Earth to suffer DANGEROUS solar storm onslaught as Sun spits out solar flares | Tech News

Earth to suffer DANGEROUS solar storm onslaught as Sun spits out solar flares

Solar flare eruptions have continued for the second day in a row in a particularly unstable region on the Sun. More solar storms are expected for the Earth in the coming days.

| Updated on: May 05 2023, 11:37 IST
Think you know our Sun? Check out THESE 5 stunning facts
Solar storm
1/4 The Sun is the largest object in our solar system and is a 4.5 billion-year-old star – a hot glowing ball of hydrogen and helium at the center of the solar system. It is about 93 million miles (150 million kilometers) from Earth, and without its energy, life as we know it could not exist here on our home planet. (Pixabay)
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2/4 The Sun’s volume would need 1.3 million Earths to fill it. Its gravity holds the solar system together, keeping everything from the biggest planets to the smallest bits of debris in orbit around it. The hottest part of the Sun is its core, where temperatures top 27 million degrees Fahrenheit (15 million degrees Celsius). The Sun’s activity, from its powerful eruptions to the steady stream of charged particles it sends out, influences the nature of space throughout the solar system. (NASA)
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3/4 According to NASA, measuring a “day” on the Sun is complicated because of the way it rotates. It doesn't spin as a single, solid ball. This is because the Sun’s surface isn't solid like Earth's. Instead, the Sun is made of super-hot, electrically charged gas called plasma. This plasma rotates at different speeds on different parts of the Sun. At its equator, the Sun completes one rotation in 25 Earth days. At its poles, the Sun rotates once on its axis every 36 Earth days. (NASA)
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4/4 The Sun doesn’t have moons, but eight planets orbit it, at least five dwarf planets, tens of thousands of asteroids, and perhaps three trillion comets and icy bodies. Also, several spacecraft are currently investigating the Sun including Parker Solar Probe, STEREO, Solar Orbiter, SOHO, Solar Dynamics Observatory, Hinode, IRIS, and Wind. (Pixabay)
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More solar storms are expected as the Sun goes berserk (Pixabay)

Yesterday, it was reported that a particularly notorious sunspot complex turned unstable and was frequently exploding, resulting in solar flare eruptions. The effect caused a rolling series of radio blackouts on Earth, which was particularly felt over the African continent. We are on day 2, and the explosions do not appear to be slowing down. In fact, one particular solar flare eruption has produced a large amount of coronal mass ejection (CME) cloud, which might hit the Earth. Astronomers have not been able to figure out the trajectory of the CME given the frequency of explosions but it should be clearer in hours to come.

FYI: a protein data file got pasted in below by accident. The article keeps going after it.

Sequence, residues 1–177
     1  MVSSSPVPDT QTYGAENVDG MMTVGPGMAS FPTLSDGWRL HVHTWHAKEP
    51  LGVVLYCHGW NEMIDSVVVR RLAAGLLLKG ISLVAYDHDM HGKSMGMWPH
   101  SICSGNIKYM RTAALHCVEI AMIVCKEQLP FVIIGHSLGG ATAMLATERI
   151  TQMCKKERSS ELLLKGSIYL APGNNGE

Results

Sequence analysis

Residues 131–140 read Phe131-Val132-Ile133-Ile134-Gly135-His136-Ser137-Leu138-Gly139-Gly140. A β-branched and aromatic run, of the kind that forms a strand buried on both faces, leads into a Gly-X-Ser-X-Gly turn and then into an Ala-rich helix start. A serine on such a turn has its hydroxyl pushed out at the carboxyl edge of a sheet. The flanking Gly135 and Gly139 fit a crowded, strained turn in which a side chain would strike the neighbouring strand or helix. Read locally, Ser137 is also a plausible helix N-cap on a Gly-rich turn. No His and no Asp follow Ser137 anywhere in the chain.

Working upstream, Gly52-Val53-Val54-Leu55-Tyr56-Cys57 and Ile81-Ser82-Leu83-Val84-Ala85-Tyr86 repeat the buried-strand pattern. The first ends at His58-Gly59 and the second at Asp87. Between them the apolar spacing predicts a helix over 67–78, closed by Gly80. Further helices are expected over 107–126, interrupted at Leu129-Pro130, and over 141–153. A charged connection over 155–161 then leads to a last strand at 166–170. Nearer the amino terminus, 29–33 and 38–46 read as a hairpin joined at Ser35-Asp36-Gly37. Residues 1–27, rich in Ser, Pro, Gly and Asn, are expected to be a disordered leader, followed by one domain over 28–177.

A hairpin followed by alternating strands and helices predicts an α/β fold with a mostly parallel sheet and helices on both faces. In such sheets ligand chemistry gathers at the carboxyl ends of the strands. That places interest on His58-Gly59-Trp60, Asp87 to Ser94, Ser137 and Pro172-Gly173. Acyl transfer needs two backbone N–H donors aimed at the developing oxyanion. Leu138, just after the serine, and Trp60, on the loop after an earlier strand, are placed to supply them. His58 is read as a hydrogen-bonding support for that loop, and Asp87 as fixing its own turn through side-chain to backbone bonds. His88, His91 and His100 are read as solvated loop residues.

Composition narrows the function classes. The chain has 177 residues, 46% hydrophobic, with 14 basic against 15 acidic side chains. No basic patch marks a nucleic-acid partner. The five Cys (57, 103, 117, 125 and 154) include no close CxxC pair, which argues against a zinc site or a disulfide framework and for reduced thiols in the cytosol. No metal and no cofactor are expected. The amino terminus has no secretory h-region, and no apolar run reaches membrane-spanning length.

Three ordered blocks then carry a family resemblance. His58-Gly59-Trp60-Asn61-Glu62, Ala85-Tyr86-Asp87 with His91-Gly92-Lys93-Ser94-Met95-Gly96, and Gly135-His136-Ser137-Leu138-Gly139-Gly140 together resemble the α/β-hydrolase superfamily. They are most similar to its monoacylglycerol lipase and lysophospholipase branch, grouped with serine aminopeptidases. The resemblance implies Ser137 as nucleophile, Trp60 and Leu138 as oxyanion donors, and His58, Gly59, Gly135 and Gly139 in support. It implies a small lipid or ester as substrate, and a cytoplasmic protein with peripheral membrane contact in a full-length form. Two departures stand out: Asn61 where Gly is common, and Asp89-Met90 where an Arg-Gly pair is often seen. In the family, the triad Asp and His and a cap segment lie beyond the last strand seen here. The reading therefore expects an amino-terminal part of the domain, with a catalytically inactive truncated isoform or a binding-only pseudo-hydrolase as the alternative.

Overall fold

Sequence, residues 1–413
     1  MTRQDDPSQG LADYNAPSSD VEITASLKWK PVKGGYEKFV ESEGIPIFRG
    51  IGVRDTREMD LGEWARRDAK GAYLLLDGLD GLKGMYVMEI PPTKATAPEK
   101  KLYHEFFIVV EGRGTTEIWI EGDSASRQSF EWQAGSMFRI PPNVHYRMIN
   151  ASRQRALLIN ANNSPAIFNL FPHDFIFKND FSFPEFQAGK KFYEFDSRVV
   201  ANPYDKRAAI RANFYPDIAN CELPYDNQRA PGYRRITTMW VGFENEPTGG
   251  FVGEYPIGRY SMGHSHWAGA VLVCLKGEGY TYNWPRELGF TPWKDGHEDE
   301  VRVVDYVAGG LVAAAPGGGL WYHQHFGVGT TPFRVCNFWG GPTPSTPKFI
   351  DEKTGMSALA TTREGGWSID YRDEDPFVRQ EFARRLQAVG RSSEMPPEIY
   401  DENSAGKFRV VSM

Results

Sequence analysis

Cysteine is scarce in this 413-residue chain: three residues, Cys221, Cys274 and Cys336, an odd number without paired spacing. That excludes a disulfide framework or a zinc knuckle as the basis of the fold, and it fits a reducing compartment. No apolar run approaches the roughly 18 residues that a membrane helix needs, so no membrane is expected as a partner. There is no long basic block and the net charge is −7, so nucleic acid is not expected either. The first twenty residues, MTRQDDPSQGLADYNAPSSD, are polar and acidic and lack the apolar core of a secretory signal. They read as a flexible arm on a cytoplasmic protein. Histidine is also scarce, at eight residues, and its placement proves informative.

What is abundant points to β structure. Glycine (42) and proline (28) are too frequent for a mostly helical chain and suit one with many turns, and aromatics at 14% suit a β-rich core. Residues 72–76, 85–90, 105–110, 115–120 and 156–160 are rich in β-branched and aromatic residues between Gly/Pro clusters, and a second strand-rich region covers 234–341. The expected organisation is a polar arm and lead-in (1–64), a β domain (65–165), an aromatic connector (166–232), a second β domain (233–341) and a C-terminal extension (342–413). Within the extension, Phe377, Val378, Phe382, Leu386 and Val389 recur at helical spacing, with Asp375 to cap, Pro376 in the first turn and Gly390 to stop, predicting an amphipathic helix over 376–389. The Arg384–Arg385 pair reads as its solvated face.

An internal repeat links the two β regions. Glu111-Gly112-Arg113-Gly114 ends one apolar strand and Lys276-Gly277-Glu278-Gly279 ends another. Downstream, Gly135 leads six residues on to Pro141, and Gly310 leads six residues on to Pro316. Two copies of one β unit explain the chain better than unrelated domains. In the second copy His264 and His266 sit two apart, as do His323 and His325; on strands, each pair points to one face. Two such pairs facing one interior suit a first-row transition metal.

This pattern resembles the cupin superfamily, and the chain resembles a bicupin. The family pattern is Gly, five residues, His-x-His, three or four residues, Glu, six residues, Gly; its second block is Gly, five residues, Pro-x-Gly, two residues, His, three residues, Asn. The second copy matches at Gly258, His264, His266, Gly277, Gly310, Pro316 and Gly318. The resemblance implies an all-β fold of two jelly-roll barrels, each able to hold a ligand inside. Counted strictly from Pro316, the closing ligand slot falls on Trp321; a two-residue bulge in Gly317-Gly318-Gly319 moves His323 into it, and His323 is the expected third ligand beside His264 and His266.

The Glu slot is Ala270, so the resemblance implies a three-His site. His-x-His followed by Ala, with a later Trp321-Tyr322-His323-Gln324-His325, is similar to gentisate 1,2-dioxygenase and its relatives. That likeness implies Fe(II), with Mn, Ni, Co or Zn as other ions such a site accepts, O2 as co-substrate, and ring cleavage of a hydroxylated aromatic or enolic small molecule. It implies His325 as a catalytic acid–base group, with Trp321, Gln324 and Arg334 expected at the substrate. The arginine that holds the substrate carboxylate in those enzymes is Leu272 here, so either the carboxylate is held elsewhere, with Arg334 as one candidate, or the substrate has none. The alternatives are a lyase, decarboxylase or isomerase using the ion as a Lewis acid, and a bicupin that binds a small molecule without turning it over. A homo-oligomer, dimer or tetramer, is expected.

As per a SpaceWeather report, “Reversed-polarity sunspot AR3296 exploded on May 4th (0844 UT), producing an M3.9-class solar flare. The explosion also hurled a CME into space”. It further stated that the National Oceanic and Atmospheric Administration (NOAA) is struggling to identify the direction of the CME. “multiple overlapping CMEs flew into space shortly after the explosion. Each CME is debris from a different blast--only one came from AR3296. NOAA analysts have taken a stab at disentangling the storm clouds”.

Solar storm fears rise for the Earth

This situation has created a sense of confusion for astronomers because no one knows whether the CME will miss us entirely, deliver a glancing blow or will hit us head-on. And this is risky because in case it does end up striking us in full force, the result could be another severe solar storm.

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NOAA forecasters have said that we should know in the coming hours but in either case, the Earth should be prepared for a solar storm event on Sunday, May 7. And just how dangerous the event can be? Such solar storms can damage satellites, disrupt mobile networks, internet services and GPS signals, cause power grid failures and even corrupt sensitive electronics on Earth.

Know how NOAA monitors the Sun

While many space agencies from NASA with its Solar Dynamics Observatory (SDO) to National Oceanic and Atmospheric Administration (NOAA) keep track of Sun-based weather phenomena, one that particularly stands out is the DSCOVR satellite by NOAA. The satellite became operational in 2016 and tracks different measurements of the Sun and its atmosphere including temperature, speed, density, degree of orientation, and frequency of the solar particles. The recovered data is then run through the Space Weather Prediction Center and the final analysis is prepared.

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First Published Date: 05 May, 11:37 IST